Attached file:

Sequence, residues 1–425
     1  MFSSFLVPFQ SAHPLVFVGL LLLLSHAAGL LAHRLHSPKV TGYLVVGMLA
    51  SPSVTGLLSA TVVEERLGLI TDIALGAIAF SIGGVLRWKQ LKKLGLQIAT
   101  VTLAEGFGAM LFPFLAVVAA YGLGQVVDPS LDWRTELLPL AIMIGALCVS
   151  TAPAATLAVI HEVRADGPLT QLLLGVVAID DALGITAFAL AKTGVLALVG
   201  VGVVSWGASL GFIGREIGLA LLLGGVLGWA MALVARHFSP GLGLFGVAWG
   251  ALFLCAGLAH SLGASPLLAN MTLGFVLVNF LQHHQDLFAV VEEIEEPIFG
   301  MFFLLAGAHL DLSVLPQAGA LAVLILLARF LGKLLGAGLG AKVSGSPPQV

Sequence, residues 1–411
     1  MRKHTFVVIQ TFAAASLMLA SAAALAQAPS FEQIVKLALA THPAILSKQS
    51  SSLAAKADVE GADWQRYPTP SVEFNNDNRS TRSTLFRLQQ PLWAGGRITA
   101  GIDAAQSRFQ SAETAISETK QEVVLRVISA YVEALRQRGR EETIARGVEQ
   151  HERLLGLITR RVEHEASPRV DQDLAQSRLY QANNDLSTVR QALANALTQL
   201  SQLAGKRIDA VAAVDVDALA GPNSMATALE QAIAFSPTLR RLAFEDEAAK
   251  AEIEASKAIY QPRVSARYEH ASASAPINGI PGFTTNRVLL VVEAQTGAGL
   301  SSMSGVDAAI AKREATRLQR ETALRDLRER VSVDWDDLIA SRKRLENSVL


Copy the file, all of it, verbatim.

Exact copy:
Sequence, residues 1–425
     1  MFSSFLVPFQ SAHPLVFVGL LLLLSHAAGL LAHRLHSPKV TGYLVVGMLA
    51  SPSVTGLLSA TVVEERLGLI TDIALGAIAF SIGGVLRWKQ LKKLGLQIAT
   101  VTLAEGFGAM LFPFLAVVAA YGLGQVVDPS LDWRTELLPL AIMIGALCVS
   151  TAPAATLAVI HEVRADGPLT QLLLGVVAID DALGITAFAL AKTGVLALVG
   201  VGVVSWGASL GFIGREIGLA LLLGGVLGWA MALVARHFSP GLGLFGVAWG
   251  ALFLCAGLAH SLGASPLLAN MTLGFVLVNF LQHHQDLFAV VEEIEEPIFG
   301  MFFLLAGAHL DLSVLPQAGA LAVLILLARF LGKLLGAGLG AKVSGSPPQV

Sequence, residues 1–411
     1  MRKHTFVVIQ TFAAASLMLA SAAALAQAPS FEQIVKLALA THPAILSKQS
    51  SSLAAKADVE GADWQRYPTP SVEFNNDNRS TRSTLFRLQQ PLWAGGRITA
   101  GIDAAQSRFQ SAETAISETK QEVVLRVISA YVEALRQRGR EETIARGVEQ
   151  HERLLGLITR RVEHEASPRV DQDLAQSRLY QANNDLSTVR QALANALTQL
   201  SQLAGKRIDA VAAVDVDALA GPNSMATALE QAIAFSPTLR RLAFEDEAAK
   251  AEIEASKAIY QPRVSARYEH ASASAPINGI PGFTTNRVLL VVEAQTGAGL
   301  SSMSGVDAAI AKREATRLQR ETALRDLRER VSVDWDDLIA SRKRLENSVL